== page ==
Separating the Person From the Behaviours

04.09.2020 |

Episode #5 of the course Confident conflict management by Martin Probst


Welcome back.

Yesterday, you learned about the circle of influence and gained a lot of clarity around what is in your control—and what isn’t. Today, we will look at why we must separate people from their behaviors if we want to successfully and confidently manage conflict.

“You meet Noah after the flood, you think: That brave, faith-filled, visionary man.
You meet him before and you’re like: What a nut job. Perspective and timing matter.
Sometimes you have to accept that you might not be able to see the truth from here.” —Courtney C. Stevens

Here is what we need to be aware of to overcome our ego and stay calm when we are finding ourselves in a conflict situation.

The very first thing we must understand is that people are not their behaviors. In fact, what we need to find out is what their positive intentions are. Ultimately, we all want the same. We want to be respected, appreciated, valued, loved, etc., something we already looked at in Lesson 1.

Behaviour is NOT who we are. Behaviour is what we do.

One of my close friends used to lose his cool with just about anybody around him when they didn’t get him or didn’t do what he asked them to. And that was not at all a reflection of his personality—he actually was a peace-loving, caring individual, but often felt misunderstood or not listened to at all. Can you agree that this happened to you before? That you yourself demonstrated behaviors that really surprised you, behaviors that not at all reflected any of your values or what you actually stand for?

My friend finally cracked the code after he started using the simple but powerful insights that I am about to share with you. The results happened immediately.


Accept the Person and Calibrate Behaviours

So, when we or other people behave in weird ways, don’t judge the person on their behaviors. Instead, look beyond the behaviors and ask yourself what’s triggering that behavior and what is the person trying to achieve. Accept the person and calibrate their behaviors.

The key to managing conflict is to appreciate the positive intention of the other person’s behavior because the behavior is what happens last! Remember in Lesson 2, we talked about the external event, our internal representation after filtering the immense flood of information, and lastly how all of this influences our behaviors?

Separating the person from their behaviors doesn’t mean that we view the other person’s behavior as positive. We may even find it quite disrespectful. However, we need to look beyond their behavior and find out what happened beforehand to get to the bottom of what triggers this sort of behavior.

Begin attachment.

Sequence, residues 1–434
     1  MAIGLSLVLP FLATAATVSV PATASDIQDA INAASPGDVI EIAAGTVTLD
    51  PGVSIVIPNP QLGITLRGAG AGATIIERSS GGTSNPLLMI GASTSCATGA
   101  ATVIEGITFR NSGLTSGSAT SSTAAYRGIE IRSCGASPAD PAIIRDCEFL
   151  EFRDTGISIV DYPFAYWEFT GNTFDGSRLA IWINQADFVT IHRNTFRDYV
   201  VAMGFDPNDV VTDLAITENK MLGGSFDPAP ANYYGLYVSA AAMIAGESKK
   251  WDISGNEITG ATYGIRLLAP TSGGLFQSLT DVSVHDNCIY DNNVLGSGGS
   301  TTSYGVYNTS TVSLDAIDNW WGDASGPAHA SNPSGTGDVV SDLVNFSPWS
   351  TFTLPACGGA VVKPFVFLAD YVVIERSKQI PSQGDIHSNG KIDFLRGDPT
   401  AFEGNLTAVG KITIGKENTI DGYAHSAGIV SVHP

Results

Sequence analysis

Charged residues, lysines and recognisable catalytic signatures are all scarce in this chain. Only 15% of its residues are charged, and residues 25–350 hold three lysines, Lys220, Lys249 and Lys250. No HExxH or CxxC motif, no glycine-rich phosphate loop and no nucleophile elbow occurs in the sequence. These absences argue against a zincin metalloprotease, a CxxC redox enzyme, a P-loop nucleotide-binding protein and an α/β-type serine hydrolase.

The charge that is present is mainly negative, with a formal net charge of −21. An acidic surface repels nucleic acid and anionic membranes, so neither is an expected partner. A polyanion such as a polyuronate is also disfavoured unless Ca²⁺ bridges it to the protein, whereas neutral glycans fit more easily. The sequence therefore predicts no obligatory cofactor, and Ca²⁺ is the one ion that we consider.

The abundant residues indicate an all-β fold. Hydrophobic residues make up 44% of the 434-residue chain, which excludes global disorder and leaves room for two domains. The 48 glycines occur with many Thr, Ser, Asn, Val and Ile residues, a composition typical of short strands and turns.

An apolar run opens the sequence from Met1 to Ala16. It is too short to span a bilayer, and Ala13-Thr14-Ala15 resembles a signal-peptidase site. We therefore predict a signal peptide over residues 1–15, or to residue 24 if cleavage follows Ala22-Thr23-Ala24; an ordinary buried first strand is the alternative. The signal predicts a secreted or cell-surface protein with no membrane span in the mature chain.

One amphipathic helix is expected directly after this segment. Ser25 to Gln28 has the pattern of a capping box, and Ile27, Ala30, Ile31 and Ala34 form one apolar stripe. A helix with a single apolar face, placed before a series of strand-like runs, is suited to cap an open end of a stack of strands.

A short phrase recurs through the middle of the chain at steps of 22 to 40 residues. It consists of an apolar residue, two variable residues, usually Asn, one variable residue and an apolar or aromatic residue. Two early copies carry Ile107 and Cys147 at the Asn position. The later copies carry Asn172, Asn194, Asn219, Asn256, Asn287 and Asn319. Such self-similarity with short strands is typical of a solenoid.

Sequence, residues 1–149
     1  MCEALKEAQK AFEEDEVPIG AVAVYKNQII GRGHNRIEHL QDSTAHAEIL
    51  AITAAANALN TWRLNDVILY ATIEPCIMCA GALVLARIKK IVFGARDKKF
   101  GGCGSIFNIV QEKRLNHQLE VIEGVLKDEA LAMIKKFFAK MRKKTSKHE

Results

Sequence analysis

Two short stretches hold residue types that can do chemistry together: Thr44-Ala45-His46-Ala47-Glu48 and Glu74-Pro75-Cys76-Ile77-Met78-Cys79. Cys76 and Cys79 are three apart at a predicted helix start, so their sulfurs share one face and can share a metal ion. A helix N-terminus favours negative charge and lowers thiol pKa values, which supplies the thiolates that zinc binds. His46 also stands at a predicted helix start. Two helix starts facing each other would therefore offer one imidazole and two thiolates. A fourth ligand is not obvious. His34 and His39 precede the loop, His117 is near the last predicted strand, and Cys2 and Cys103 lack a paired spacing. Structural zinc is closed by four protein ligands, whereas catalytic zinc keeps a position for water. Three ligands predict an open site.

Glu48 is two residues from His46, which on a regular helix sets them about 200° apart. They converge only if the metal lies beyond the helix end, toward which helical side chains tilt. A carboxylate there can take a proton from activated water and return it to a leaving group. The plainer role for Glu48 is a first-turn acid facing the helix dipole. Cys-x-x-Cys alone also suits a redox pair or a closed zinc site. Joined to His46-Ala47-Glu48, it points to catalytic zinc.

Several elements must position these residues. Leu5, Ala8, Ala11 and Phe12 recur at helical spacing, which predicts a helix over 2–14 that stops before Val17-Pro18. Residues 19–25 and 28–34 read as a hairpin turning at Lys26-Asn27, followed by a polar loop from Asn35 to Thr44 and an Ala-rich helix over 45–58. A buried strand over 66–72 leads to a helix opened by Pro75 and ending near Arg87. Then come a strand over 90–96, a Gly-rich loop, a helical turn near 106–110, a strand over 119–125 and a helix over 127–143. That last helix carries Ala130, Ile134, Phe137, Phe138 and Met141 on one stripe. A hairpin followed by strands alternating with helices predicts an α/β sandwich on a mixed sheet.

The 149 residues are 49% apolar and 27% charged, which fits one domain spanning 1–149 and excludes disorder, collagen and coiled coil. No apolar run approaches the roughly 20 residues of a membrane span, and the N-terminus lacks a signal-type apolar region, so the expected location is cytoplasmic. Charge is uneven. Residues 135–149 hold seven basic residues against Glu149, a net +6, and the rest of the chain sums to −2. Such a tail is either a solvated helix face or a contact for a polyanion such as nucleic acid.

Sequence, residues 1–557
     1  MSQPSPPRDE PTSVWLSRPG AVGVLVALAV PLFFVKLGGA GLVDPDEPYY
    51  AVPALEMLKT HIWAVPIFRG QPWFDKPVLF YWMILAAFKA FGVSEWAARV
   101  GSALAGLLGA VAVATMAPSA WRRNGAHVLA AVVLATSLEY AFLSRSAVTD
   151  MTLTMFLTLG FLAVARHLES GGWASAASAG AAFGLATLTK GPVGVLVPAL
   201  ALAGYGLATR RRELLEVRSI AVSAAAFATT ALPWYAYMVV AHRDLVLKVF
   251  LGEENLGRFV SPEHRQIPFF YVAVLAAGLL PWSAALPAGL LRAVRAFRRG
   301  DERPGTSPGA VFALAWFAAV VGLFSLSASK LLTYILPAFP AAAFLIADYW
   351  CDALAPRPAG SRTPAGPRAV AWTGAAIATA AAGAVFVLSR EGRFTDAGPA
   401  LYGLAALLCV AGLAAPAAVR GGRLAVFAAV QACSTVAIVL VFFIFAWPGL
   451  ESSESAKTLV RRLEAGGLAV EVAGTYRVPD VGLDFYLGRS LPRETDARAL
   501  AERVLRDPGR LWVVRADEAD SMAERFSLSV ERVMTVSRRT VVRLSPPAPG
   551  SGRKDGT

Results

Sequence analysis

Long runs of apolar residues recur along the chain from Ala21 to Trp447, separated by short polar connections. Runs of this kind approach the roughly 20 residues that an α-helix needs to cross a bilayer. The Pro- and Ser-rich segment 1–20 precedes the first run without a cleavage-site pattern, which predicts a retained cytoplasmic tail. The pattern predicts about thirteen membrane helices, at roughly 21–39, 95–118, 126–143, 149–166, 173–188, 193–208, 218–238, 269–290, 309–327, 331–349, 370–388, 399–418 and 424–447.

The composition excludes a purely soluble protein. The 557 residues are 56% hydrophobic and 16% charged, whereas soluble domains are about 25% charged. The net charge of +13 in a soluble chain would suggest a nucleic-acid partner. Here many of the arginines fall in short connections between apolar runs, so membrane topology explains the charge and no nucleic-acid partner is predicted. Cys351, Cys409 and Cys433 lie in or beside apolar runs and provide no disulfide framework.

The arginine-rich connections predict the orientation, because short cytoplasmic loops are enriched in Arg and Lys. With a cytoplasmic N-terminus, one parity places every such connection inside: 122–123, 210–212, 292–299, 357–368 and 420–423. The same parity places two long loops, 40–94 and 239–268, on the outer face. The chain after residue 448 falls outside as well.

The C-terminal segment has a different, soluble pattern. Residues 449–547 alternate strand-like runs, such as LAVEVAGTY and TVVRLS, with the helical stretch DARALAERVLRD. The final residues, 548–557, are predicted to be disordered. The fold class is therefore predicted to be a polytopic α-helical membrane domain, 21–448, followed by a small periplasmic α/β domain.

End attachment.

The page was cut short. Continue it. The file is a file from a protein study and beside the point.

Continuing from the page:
Appreciate the Positive Intention

The key to getting to the bottom of this is to appreciate the other person’s positive intentions. We all do the best we can with the resources we have available at the time. If we could do better, we would.

For example, if someone is getting “edgy” with you, that person may feel misunderstood, insignificant, or not listened to at the time, which causes undesirable behavior and ultimately the conflict.

No matter how strange, hurtful, or inappropriate a person’s behavior may seem to you; to the person engaging in that behavior, it makes sense within their model of the world. They see the behavior as the best or only way of meeting their needs or achieving their outcome. If we look at the intention behind the behavior, we might find that the person simply wants to be:

• understood

• appreciated

• respected

And right at that point, the person most likely believes that “getting edgy”, screaming at you, or undermining you, is the best or even the only way to get your attention and achieve their needs, wants, and expectations. Although, if you would ask them later, they might be quite embarrassed about their own behaviors. So, please remember, people are not their behaviors.


Positively Achieve the Needs

Once you have a good understanding of their positive intention, explore alternative and more resourceful ways to help the person achieve their needs.

In the case of somebody getting “edgy” with you because they feel misunderstood, insignificant, or not listened to, you may want to pay more attention to what they are saying, start asking questions, and give them your full attention to acknowledge their values, needs, wants and expectations. Do you think this person would still feel that they must yell and scream at you? Not likely, because there is no need for this behavior anymore.

My top tip for the day: Be curious; the more you know about yourself and other peoples’ thinking and map of the world, the more you can positively influence them. Recall a time or situation when you behaved in such a way that you later thought: “What was that all about? I can’t believe I just did that. This is not who I am and doesn’t in any way reflect what I stand for in life.” Reflect on the reasons for this behavior. Can it be tied back to your unfulfilled need to be listened to, to be understood, to be appreciated, or to be respected?

Tomorrow, we will learn about conflict constellations, and which role we should adopt for ourselves to ensure positive outcomes.

“Dare to make a difference!”



Recommended reading

4 Pillars of Positive Behavioural Change in the Workplace


Recommended book

Understanding Other People: The Five Secrets to Human Behavior by Beverly Flaxington


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